As well as being more inclined to be the perpetrators of crimes, ethnic minorities are also prone to be the victims. These crimes are not however due to ethnic background but are due to the social background of their class. Despite this, people are sometimes ignorant to this fact and state that ethnic crimes are more apparent because they are of an inferior race.
A Report by Sir William Macpherson that examined the Lawrence case (in which it was claimed that the police neglected their job because the victim was 'black"), was published on 24th February 1999. In the report, which was presented to the Government and to the Home Office, McPherson revealed that the problems, which occurred during the case, were the result of Institutional Racism defined as;
'The collective failure of an organization to provide an appropriate and professional service to people because of their colour, culture or ethnic origin"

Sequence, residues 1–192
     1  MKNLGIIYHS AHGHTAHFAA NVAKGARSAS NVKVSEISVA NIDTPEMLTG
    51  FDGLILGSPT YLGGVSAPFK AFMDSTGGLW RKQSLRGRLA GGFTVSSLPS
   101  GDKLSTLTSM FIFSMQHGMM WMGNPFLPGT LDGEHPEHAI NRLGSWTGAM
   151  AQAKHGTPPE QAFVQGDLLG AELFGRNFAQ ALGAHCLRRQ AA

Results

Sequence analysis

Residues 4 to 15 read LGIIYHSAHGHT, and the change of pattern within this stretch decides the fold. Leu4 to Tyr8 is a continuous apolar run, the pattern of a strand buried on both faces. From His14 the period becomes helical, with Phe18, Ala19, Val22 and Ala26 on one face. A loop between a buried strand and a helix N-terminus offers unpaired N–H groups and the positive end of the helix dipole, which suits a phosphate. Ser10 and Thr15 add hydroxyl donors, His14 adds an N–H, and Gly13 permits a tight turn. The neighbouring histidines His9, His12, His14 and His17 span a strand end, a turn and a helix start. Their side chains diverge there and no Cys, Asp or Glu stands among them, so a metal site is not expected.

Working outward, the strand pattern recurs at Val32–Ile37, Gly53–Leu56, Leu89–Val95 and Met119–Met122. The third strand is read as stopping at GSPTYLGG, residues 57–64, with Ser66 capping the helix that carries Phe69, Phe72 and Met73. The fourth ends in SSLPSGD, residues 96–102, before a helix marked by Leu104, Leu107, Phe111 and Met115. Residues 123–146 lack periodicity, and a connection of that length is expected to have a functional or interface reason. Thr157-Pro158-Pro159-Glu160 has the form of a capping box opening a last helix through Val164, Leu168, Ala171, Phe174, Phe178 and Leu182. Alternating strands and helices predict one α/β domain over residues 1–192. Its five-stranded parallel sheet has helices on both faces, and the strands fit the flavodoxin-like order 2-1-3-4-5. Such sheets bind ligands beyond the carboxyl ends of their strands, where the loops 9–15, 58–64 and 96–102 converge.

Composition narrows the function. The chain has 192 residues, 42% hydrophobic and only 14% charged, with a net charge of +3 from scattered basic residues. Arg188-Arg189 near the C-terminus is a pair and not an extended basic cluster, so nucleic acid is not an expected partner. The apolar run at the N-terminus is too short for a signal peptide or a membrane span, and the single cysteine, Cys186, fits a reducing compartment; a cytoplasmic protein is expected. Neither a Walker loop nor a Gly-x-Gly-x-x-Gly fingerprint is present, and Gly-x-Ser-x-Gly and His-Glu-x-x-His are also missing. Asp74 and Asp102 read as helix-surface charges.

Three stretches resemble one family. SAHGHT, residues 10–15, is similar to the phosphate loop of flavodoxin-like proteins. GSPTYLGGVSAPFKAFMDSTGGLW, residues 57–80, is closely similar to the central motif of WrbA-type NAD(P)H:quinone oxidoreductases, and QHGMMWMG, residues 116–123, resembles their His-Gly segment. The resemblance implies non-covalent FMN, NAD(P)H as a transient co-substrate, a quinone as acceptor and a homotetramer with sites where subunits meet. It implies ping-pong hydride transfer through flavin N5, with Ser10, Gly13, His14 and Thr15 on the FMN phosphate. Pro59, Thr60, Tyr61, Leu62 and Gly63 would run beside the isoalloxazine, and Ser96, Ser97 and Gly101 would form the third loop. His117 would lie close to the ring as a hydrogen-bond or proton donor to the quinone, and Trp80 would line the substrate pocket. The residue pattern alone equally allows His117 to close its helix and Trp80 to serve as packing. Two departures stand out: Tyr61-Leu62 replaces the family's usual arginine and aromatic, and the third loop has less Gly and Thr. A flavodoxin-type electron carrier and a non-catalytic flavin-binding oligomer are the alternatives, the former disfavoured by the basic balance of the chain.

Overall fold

It was said that institutional racism can not be used in the labeling of individuals but must be a label that is associated with the organization as a whole. It is due to the finding of racial disadvantage, that the police have set up 'Operation Athena" to tackle the problems outlined in the report. The operation aims to improve prevention, awareness, communication, response and the identification of needs in the context of ethnic minorities.
The three examples of employment, education and crime are only a selection of the sectors of the community that show racial disadvantage. Although there is no finite definition of 'race" there has been continual work to improve the social conditions for ethnic minorities. It is hoped that in the future there will be racial harmony between all populations and that 'true" equality will be gained.